Jon and I got really excited because it turns out that there is a village about 1.5 miles from our house.  You see, we live in teacher housing near the school and so there isn’t any real village around us.  We found one area about 10-15 minutes away, but it was hardly a village.  So, we walked into this village to see what it’s like.  As we entered, one of the first homes had about fifty people sitting around their lawn and large quantities of food being prepared.  We were super curious as to what was going on there.  Is it a restaurant?  Is it a party?  Is it a place where people get food?  We weren’t sure.
After going into the village and introducing ourselves to some people, we were ecstatic to find a little restaurant where we can buy chipsi mayai, one of Tanzania’s famous foods.  It’s basically just french fries and eggs together (it’s really good).  We also discovered places to buy more minutes for our phone and some food so we don’t have to buy it all in the major city that is expensive to get to for us. 
On our way home, we decided to stop and ask what was going on at that house with many people.  Of course, we used Swahili to try to learn what was going on.  The conversation that went awkwardly wrong went a little something like:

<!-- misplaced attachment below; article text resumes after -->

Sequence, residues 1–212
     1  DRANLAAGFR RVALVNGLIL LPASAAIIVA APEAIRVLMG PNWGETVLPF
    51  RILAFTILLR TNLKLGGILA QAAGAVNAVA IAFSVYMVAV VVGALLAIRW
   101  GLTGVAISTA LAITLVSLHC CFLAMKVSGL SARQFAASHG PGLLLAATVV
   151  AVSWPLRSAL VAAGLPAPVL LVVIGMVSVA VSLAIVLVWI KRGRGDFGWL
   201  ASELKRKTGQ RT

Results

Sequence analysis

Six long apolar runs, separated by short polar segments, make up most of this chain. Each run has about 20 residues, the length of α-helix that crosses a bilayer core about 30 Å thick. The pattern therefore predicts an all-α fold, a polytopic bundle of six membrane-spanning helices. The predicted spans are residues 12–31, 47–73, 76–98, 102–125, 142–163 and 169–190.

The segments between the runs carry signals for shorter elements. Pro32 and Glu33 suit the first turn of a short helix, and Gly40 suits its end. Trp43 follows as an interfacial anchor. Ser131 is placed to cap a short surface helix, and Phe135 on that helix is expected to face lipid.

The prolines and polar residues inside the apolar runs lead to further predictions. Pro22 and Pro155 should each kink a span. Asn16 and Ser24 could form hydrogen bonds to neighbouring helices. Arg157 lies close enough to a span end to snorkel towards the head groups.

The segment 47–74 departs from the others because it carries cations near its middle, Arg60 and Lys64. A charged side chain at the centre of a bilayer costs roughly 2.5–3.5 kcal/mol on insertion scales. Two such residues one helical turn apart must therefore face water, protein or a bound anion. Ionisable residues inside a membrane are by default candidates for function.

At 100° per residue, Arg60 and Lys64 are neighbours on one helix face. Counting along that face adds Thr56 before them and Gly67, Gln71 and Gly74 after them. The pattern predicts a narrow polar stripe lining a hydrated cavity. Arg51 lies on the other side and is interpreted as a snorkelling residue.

Jon: Hello!  What’s going on here?
Man: Hello!  It’s a <enter word we don’t know>
Jon: Hmm, I don’t know <that word>
Sara with a big, happy smile on the face: Ah!  Is it a party?
Man, in English: No, it’s a funeral
Jon & Sara: enter foot in mouth

Tuesday, September 20, 2011

Solar savior

Thank god for solar power chargers!  That little guy on the left hand side of my ipod can charge our ipods, our kindle, and our cell phone.  We leave it outside for about 8-10 hours and wa-la, we can use our electronic goods again.  Best invention ever and so glad we decided to get one before we came!

Monday, September 19, 2011

Trophy: Goat

Right near our home, there is a soccer field where men have been competing since the first weekend we were here.  Finally, we discovered that it’s a tournament between villages nearby our home (relatively nearby).  At Jon’s request, I accompanied him to two games.  The first game we attended was incredibly awkward for me.  I was the only female there…yes, the only female and of course I stand out already since I’m a mzungu, a white person.  There were two other teachers from our school there, too.  When I explained that I used to play soccer, they were intrigued.  I can’t speak for the whole country, but it seems that in my experience, women don’t play soccer here.  Most women play a sport called netball which is a version of basketball.